I step off of the bus, a disparaging piece of public transportation with grimy blue plastic seats littered with empty vending machine wrappers and soda cans, and into a heat that slaps me like a scorned woman. I’m prepared for this, wearing a loose sundress and sandals, but it takes my breath away. It’s well after sundown, nearly 9pm.
The bus chugs away and even in darkness the sidewalk in glimmering in neon hues. The area’s popular nightclub is buzzing with activity, and a steady stream of noisy Australians who followed us off the bus head straight to the lime green sign high above our head. Congo Bongo! It is a club that has been heavily advertised since arriving at the airport just a few days before, shining signs that welcomed guests post-escalator ride and just before customs.
My head gravitates toward the sky; Vegas comes to mind. There are a handful of glowing signs that keep the area lit enough to mask the evening well. Pockets of tourists surround bars I recognize from home – names that in no way seem to represent the culture I’m allegedly experiencing. In a deep pocket of a run-down mall filled with more familiar restaurants and retailers, grimy men hold up their prized possessions – live animals. I’m not talking about parakeets or puppies, the living creatures that catch my eye are squirrel monkeys and snakes.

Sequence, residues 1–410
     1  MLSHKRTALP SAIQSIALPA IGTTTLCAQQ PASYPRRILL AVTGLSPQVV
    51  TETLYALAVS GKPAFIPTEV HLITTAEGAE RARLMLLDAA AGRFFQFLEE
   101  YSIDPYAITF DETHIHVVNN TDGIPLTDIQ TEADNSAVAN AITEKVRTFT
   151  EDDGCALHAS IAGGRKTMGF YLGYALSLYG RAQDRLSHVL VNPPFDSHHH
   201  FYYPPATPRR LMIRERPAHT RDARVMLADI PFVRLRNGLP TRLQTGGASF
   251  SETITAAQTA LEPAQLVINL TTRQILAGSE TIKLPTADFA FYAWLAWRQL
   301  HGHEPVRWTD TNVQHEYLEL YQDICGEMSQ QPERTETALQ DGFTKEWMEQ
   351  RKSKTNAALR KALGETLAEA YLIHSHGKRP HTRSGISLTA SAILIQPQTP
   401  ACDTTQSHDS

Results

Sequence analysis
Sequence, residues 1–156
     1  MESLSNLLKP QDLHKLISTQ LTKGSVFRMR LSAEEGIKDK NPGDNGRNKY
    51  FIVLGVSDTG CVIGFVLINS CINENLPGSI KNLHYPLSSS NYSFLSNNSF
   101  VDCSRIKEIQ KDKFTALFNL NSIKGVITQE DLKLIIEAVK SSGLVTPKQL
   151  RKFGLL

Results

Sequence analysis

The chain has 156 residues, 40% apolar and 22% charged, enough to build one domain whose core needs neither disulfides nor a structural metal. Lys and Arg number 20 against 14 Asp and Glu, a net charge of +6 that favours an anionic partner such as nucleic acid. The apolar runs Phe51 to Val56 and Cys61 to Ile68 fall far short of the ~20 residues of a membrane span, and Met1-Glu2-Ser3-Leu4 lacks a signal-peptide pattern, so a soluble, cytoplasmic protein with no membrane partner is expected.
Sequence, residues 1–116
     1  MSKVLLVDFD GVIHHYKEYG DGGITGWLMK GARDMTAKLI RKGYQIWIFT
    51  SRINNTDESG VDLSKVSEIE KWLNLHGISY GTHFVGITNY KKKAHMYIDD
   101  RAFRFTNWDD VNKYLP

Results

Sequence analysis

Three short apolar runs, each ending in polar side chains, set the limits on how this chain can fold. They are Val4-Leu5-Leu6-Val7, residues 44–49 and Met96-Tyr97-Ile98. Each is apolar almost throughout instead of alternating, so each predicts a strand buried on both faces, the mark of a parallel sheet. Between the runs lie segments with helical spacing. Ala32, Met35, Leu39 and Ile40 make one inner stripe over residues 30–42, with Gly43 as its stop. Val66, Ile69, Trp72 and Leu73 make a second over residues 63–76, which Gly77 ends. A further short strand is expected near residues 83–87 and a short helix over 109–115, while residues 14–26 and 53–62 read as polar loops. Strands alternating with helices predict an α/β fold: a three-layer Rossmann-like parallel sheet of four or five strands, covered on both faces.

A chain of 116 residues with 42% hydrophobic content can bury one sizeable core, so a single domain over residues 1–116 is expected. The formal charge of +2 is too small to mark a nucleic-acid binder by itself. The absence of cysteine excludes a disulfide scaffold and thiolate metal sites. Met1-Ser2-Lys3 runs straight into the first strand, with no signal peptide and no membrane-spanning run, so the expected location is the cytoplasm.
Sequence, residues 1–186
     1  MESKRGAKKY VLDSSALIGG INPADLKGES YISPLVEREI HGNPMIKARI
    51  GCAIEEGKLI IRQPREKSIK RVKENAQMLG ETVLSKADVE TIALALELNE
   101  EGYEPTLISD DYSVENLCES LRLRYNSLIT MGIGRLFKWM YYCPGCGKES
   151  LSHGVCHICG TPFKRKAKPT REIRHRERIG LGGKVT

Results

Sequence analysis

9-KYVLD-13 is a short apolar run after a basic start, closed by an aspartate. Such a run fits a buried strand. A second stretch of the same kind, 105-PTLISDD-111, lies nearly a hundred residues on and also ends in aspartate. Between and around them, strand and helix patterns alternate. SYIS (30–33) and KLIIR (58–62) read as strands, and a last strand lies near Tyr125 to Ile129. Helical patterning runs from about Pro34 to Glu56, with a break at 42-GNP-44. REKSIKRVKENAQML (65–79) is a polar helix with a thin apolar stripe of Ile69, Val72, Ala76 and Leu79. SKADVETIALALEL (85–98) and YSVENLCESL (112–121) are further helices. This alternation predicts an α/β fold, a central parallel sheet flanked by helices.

I make a beeline for the monkey. Snakes just aren’t my thing. When I approach the man holding his “friend" (rather than merely a job I so mistakenly call it), I avoid his eyes. Instead I lock into the furry creature with soft features who wreaks of something sweet and sour. She’s sucking on a bright green Jolly Rancher, which I can only assume is making her so docile. I outstretch my finger toward her little primped face, and her caretaker throws her on my back. She doesn’t squirm; it’s just part of the routine.
She’s soft and her perfectly groomed blond hair doesn’t stand on edge as she makes her way into my arms. The man keeping guard reveals it's $10 for a picture from his camera. I shake my head and just laugh. I keep petting until the man drops his price, just $5 for a picture on our own camera this time. But just one picture, and no more. After a few more minutes petting what I equate to a house cat with a sweet smell, it's time to walk away. I have experienced enough Mexico for the night.